While some contracts in the workplace may be straightforward, physician employment contracts are more complex. Health care is highly regulated, and these contracts can be complicated, especially for those with no legal experience. Once signed, physician employment contracts are legally binding. Signing them without guidance from a lawyer can lead to serious consequences later on.
Tips for the Interviewing Process
Medicine is a demanding field, and physicians seeking their first or subsequent professional positions may be finishing residencies, taking boards, working demanding schedules, and looking for new places to live and practice. As a result, they may not be able to give 100 percent of their attention to the interviewing process or the contract. They may end up focusing only on the salary and what the interviewer is promising them.
It is essential to ask many questions about the job when being interviewed and to write everything down. Writing down the questions ahead of time is also helpful, and if there is a formal job description, this should be saved in an easy-to-retrieve location. Inquiring about how the salary and duties are determined, patient assignment protocols, and how often the physician needs to be on call are good places to start. If the position was held by a physician who left the practice, it is a good idea to find out why.
What Should the Salary and Benefits Include?
The first element that should be looked into is compensation. Physician employment contracts can be based on fixed compensation or set salaries that do not depend on doctor performance. New physicians are more likely to be offered these fixed compensation packages. Variable compensation offers formulas and are more common with experienced doctors. These models are based on doctor performance. If the physician is an independent contractor, this needs to be noted in the contract since it affects pension benefits and taxes.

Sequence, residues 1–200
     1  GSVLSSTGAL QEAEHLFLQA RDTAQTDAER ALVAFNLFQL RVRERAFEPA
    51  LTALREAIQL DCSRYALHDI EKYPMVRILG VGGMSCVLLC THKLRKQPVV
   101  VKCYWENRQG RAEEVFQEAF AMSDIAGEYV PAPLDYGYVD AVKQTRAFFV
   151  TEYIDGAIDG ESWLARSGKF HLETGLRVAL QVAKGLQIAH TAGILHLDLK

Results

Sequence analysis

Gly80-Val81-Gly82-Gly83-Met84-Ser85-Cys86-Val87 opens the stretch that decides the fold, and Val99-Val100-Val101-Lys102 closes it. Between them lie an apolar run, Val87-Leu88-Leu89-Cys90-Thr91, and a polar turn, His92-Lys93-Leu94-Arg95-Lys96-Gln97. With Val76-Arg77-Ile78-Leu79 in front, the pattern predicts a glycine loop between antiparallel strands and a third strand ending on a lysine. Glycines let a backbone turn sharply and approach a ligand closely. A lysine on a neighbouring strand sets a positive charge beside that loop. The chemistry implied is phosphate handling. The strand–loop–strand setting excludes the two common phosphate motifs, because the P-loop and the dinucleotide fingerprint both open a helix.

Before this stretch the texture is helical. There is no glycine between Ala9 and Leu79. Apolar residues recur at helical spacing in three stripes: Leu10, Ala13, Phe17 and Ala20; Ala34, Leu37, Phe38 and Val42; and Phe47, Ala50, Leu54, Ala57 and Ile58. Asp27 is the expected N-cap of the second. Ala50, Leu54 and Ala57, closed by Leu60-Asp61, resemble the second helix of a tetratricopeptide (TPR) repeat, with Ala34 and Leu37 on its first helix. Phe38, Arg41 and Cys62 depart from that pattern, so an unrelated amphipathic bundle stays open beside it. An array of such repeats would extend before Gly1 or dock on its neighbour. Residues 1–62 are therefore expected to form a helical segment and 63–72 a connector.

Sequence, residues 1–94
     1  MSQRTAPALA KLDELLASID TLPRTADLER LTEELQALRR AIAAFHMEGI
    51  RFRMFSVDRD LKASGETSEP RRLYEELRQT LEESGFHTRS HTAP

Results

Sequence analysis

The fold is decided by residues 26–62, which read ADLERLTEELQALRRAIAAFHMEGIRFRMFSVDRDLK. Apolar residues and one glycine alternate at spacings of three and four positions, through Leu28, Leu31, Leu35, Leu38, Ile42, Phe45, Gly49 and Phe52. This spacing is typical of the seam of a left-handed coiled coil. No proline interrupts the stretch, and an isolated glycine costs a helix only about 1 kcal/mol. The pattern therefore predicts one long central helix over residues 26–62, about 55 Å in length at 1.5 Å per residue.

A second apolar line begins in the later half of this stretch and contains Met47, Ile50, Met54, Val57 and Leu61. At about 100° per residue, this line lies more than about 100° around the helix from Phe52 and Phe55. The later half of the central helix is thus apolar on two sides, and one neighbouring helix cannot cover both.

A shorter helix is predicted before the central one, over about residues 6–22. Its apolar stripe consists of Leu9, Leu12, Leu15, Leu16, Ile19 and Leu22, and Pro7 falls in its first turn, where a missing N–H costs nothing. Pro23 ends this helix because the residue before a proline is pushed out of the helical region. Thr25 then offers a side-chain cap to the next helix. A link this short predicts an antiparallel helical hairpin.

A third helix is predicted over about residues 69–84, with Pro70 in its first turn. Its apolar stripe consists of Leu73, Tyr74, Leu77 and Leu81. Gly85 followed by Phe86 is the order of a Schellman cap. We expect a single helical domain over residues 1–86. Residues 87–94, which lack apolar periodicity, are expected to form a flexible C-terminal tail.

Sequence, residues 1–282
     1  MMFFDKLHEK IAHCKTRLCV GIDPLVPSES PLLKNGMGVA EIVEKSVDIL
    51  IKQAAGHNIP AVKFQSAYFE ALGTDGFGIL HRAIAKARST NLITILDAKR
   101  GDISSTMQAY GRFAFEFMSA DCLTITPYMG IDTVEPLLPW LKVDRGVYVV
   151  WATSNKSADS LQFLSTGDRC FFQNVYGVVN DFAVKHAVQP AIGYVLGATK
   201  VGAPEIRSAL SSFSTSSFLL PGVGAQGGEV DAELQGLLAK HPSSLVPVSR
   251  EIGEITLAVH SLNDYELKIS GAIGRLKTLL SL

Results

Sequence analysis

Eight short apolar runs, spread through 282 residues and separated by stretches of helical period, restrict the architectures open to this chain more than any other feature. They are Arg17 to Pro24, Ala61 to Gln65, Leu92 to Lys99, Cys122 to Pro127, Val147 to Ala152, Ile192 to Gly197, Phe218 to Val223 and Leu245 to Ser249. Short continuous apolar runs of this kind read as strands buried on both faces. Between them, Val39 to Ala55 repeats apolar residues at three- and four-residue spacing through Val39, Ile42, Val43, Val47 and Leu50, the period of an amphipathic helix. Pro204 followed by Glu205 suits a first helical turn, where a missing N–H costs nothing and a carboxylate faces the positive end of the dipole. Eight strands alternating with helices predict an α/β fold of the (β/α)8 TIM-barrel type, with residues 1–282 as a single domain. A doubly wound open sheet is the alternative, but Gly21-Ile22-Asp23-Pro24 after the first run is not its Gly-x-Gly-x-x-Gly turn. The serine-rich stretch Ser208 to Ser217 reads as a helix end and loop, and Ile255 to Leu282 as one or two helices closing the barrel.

There may be performance benchmarks in the contract. These can include billings, productivity, and number of patient visits. Before signing, the physician should understand the compensation structure completely. It is also a good idea to research the average salary range for the type of practice in that particular region. Salaries may be higher in metropolitan areas and lower in other parts of the country.
Examining the Health Care Package
The potential health care package should also be closely examined, including choices for coverage, premiums, deductibles, and copays. Many employers also offer life insurance as well. Other benefits may include bonuses, severance pay, and the following:
- Funding to complete continuing medical education
- Payment of student loans
- Payment of licensing fees
- Payment of dues to professional societies
- Liability and disability insurance
- Malpractice insurance
Additional fringe benefits include retirement plans and compensation for the following:
- Travel expenses
- Education leave
- Hospital staff fees
- Drug Enforcement Administration registration fees
- Books and professional journals
These benefits can be highly desirable, but some can come with a cost. A physician who accepts these may be required to remain working with the employer for a specified amount of time. It is also important to understand how much paid time off (PTO) is offered.
What are the Job Requirements and Terms?
Physician agreements need to specify the kind of medicine that will be practiced and how many hours the physician is expected to work. There should also be details about on-call hours, availability, outpatient care responsibilities, and administrative duties. Physicians will also want to know how often they will be receiving job performance reviews and salary increases.
Another important part is the length or term of the contract; this should have a starting date and duration. It should also state if the contract can be terminated early if appropriate notice is provided, describing the amount of time for notice and reasons for early termination. Some contracts specify termination without cause, meaning that either party can end the contract without reason and usually with a 90-day notice.